U.S. Pat. No. 1,653,244 relates to medicine trays used in hospitals. Pivotally connected to the tray interiorly of its ends are U-shaped handles which are movable from horizontal storage positions to upwardly extending carrying positions.
U.S. Pat. No. 4,609,237 discloses a food storage container having handles that are pivotable between horizontal and vertical positions. Detent means are provided for maintaining the handles in the desired position.
Floatable centrifuge tube holders that overcome the disadvantages of the foregoing are desired.
We have developed laboratory tube holders, particularly suited for centrifuge tubes, having handles that can be rotated through about 180 degrees, in about 90 degree increments. In their lower position, the handles serve as legs and are slightly longer than the portion of the tubes that extends downwardly from the block holding the tubes. In their upper position, the handles facilitate taking the centrifuge tube holder out of a water bath, or a heating block, and function to secure an insert over the tubes which prevents the lids of the tubes from opening.
More particularly, the present invention relates to a floatable laboratory tube holder, comprising a block of material of a density lighter than water defined by a base plane, a top plane and oppositely positioned pairs of side walls and end walls, and having a plurality of apertures for receiving laboratory tubes, each tube having a sealable lid;
a pair of end members connected with the oppositely positioned side walls or end walls of the block, for rotation in about 90 degree increments from a substantially vertical lower position wherein the end members extend below the base plane of the block, through a substantially horizontal intermediate position to a substantially vertical upper position wherein the end members extend above the top plane of the block. Preferably, an insert for overlying the laboratory tube lids is secured in place when the end members are rotated to the upper position.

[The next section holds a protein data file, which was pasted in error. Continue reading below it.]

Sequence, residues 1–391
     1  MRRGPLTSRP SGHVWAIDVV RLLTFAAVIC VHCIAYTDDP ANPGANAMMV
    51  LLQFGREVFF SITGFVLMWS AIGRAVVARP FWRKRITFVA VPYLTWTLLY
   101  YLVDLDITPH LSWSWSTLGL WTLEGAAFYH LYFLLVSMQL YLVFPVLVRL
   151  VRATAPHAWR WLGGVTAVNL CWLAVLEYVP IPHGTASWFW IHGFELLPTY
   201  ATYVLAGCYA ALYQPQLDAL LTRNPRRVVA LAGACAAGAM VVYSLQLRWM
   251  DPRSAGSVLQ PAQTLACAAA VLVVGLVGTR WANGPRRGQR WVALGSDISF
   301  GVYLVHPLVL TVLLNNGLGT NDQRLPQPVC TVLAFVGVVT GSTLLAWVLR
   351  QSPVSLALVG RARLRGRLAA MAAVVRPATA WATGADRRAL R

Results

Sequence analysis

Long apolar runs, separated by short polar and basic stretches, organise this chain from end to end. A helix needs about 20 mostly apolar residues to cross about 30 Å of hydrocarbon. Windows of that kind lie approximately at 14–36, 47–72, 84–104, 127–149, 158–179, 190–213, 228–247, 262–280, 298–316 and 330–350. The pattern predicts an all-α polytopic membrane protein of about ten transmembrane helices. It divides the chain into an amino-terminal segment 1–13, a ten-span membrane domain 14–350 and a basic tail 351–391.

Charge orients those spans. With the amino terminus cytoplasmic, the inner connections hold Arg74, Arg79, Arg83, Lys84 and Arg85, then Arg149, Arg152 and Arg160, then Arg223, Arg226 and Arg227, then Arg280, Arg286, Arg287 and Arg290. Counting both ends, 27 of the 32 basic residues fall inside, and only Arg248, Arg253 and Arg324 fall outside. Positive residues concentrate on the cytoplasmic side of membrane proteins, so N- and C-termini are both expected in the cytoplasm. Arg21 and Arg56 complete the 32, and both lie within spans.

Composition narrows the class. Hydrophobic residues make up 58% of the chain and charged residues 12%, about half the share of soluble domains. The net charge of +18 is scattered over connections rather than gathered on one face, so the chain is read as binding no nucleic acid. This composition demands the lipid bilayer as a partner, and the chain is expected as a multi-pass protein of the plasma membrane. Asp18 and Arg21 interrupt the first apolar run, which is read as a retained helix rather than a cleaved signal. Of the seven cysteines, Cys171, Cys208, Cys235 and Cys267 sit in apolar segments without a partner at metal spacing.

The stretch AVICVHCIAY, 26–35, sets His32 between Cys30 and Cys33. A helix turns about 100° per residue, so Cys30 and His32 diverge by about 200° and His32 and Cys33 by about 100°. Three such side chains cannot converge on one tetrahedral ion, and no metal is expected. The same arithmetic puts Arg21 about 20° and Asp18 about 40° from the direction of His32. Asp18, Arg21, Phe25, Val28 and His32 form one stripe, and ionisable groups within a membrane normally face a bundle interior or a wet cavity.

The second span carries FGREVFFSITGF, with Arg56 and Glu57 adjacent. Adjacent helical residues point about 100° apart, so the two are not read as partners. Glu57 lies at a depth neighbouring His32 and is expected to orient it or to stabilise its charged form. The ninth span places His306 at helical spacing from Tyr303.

The end members are longer than the portion of the tubes extending below the base plane of the tube holding block and are adapted to cooperate with the insert so that when the end members are in upper position, the insert is secured above the lids of the tubes, whereby they are prevented from opening.
The base member preferably includes an apertured block of material of a density so as to float on top of water and a pair of support members secured to oppositely positioned side walls or end walls of the apertured block for holding the end members.
The support members usually comprise position detent means for maintaining the end members in lower, intermediate, or upper position. The position detent means can be three indentations in the support members arranged in about 90 degree angles relative to each other.
According to one embodiment, the end members have a pair of parallel legs that terminate in finger-grippable cross members which serve as handles. They are rotatably attached to the support members by stub shafts formed on the opposite ends that extend inwardly and are received in holes in the support members.
The insert may be an U-shaped block of material of a density such as to not to submerge the floating base member.
FIG. 1 is a top view of a centrifuge tube holder with the end members in lower position.
FIG. 2 is a front view of a centrifuge tube holder illustrating the three possible positions of the end members.
FIG. 3 is a perspective view of a centrifuge tube holder with the end members in lower position.